England in the eighteenth century could not possibly have experienced the present-day Chinese growth rate of real incomes per head of 10 percent per year, even in its greatest booms. The doubling of income per head in a mere seven years that the Chinese rate implies could not happen before very recent times, with gigantic piles of already-invented ideas such as the power loom or the light bulb or the printer circuit waiting to be borrowed, if one will but let people use them for the profit due a person with a newly borrowed idea, and cease from sneering at and stealing from and executing those who earn the profits. The historian of technology David Edgerton speaks of “the shock of the old,” in which people – even very poor people in the favelas of Brazil – keep finding new uses for old technologies, such as sheets of corrugated iron.
China and India, in other words, can take off the shelf the inventions laboriously developed by the Watts and the Edisons of the past three centuries – and by the Chinese and Indian inventors of earlier centuries, together with the Incan potato breeders and the brass casters of Benin, all of whose inventions had been taken up eagerly by the curious Westerners. Indians invented fine cotton cloth, which then became the staple of Manchester, but latterly in its fully mechanized form became again the staple of Mumbai. The Chinese invented mass-produced pig iron, which then became the staple of Swedish Uppland and English Cleveland and American Gary, but latterly with some additional chemical engineering the staple of the Kamaishi Works in Japan and now the Anshan works in China. And so Sweden in the late nineteenth century and then Japan in the early and middle twentieth century and China in the early twenty-first century caught up astonishingly quickly.
Richard Easterlin would agree with the speed implied by the metaphor of “taking technology off the shelf”. He wrote in 2003 that “since the early 1950s, the material living level of the average person in today’s less-developed countries…, which collectively account for four-fifths of the world’s population, has multiplied by threefold”, much faster than presently rich countries grew in the nineteenth century. It has led to Paul Collier’s Top Four to Six Billions. Similarly rapid has been the rise in life expectancy and the fall in fertility and the rise of literacy: on all counts, notes Easterlin, it is “a much more rapid rate of advance … than took place in the developed countries in the past”.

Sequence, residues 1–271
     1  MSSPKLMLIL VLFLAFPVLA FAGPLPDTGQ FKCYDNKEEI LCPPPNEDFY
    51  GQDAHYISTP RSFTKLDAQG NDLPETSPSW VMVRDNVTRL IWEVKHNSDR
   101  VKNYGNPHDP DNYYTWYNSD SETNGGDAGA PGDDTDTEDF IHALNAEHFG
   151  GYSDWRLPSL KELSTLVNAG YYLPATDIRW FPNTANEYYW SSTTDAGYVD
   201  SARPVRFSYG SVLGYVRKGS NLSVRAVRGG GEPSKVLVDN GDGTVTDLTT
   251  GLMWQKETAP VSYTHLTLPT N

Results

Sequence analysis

Good policies are boringly similar: rule of law, property rights, and above all dignity and liberty for the bourgeoisie. The happy countries end up looking similar, because each has automobiles, computers, higher education. Good policy allows taking technology off the shelf, and achieving a pretty good life for ordinary folk in two or three generations. It has happened repeatedly, as when the United States adopted British manufacturing, or Germany the same. Consider such recent miracles of leaping over putatively inevitable stages as Taiwan or Hong Kong or Singapore. Perhaps we should stop being gob-smacked every time it happens. Give people liberty to work and to invent and to invest, and treat them with dignity, and you get fast catching up.
In other words, what does not need much scientific inquiry is how the Indians and the Chinese, having been denied innovation for decades by imperial edict and warlord pillaging and socialist central plan and lack of widespread education, can get rich quickly by gaining peaceful access to well-stocked shelves of inventions, from the steam engine to the forward contract to the business meeting. Routine economics predicts that, after decades of disastrous economic luck, the misallocations and spurned opportunities will be so great that considerable fortunes can be made pretty easily, and the average income of poor people can be raised pretty easily, too. If Brazil and South Africa can be persuaded to adopt the liberal economic principles that are presently enriching China and India (and that had enriched Britain and Italy more slowly and therefore less obviously), there is no reason why in forty years the grandchildren of presently poor Brazilians and South African cannot enjoy something pretty close to Western European standards of living. That’s not ideological prejudice, some neocon fantasy in support of American imperial power. It’s a soberly obvious historico-experimental fact, which has already curbed American power. On the other hand, if Brazil and South Africa persist in unhelpful economic policies (such as South Africa’s labor laws based on German models), they can retain a gigantic, unemployed underclass and an inferior position relative to the United States, just as long as they find that attractive.
If it’s so infallibly simple, why are we so unfailingly ignorant?